The specific immune system is a second line of defence when different kinds of skin cells can distinguish between your types of micro organisms. It also has a ram system which enables its cells to replicate a response so the same type of micro organism.

Acquired immunity

Acquired immunity results from the activities of antibodies which can be proteins stated in the lymph nodes in response to antigens to provide productive immunity. The chemical which triggers a dynamic immune response is named an antigen. Antigens are mainly proteins or proteins fragments called glycoprotein that are on the surface of the cell membrane, cell wall membrane or a pathogen. These are accepted as non-self by the disease fighting capability which creates a reply. Self antigens are located in the membranes of the body skin cells. Organ donation and bloodstream transfusion are ways that antigens can be presented to someone else. A specific antibody will only behave with one kind of antigen and therefore the body needs to distinguish between different types of antigen so that the immune system can function effectively. Antigens stimulate lymphocytes to generate an immune response.

Lymphocytes originate in bone marrow from stem skin cells, move to the lymph nodes and then mature and reproduce in good sized quantities throughout life. The two types of lymphocyte are phone calls T-cells and B-cells. T-cells are prepared in the thymus gland before moving to the lymph nodes and B-cells are refined in the bone marrow and in the blood. Roughly 80% are T-cells and the rest are B-cells. Both types of skin cells have distinctive mechanisms called the humoral and cellular responses.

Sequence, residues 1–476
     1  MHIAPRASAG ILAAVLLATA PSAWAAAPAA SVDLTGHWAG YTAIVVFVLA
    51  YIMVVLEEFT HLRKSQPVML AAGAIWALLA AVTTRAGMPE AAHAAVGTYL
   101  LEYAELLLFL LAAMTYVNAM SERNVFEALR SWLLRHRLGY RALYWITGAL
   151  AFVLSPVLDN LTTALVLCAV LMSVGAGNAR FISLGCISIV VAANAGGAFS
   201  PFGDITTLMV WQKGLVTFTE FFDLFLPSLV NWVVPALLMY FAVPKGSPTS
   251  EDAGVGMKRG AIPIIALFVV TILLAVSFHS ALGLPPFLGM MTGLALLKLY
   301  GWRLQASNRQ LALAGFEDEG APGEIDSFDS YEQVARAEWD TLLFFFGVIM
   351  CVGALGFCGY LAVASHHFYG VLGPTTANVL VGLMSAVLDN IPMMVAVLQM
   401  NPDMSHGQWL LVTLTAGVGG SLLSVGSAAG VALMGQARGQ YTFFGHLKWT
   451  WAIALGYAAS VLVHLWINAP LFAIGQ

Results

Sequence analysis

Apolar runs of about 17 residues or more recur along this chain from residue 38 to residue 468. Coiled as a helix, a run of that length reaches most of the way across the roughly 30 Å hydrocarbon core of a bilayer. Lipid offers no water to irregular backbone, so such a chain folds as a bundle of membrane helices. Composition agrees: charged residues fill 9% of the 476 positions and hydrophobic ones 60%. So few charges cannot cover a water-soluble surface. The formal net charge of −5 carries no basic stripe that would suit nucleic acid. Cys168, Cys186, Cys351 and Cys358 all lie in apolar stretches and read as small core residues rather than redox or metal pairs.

Cell Mediated Immunity

T cells are in charge of cell mediated immunity where they have to speak to antigens that happen to be on the surface of the body cells. You will discover special receptors on the surface which will make them able to recognise the correct antigen. Here are the main types of T-lymphocyte and there specific functions:

  • T helper cells is there to help other skin cells in the immune system. They help to stimulate and trigger B skin cells into antibody producing skin cells. If T helper cells aren't present the B skin cells cannot get into action. Another role is to enhance the action of phagocytes. In HIV the T cells are invaded which explains why there are other microbe infections with Supports.
  • T suppressor cells suppress the action of phagocytes and stop development of antibodies by the B skin cells.
  • Memory T cells have the ability to recognise and react to a pathogen when it invades and can provide long lasting immunity.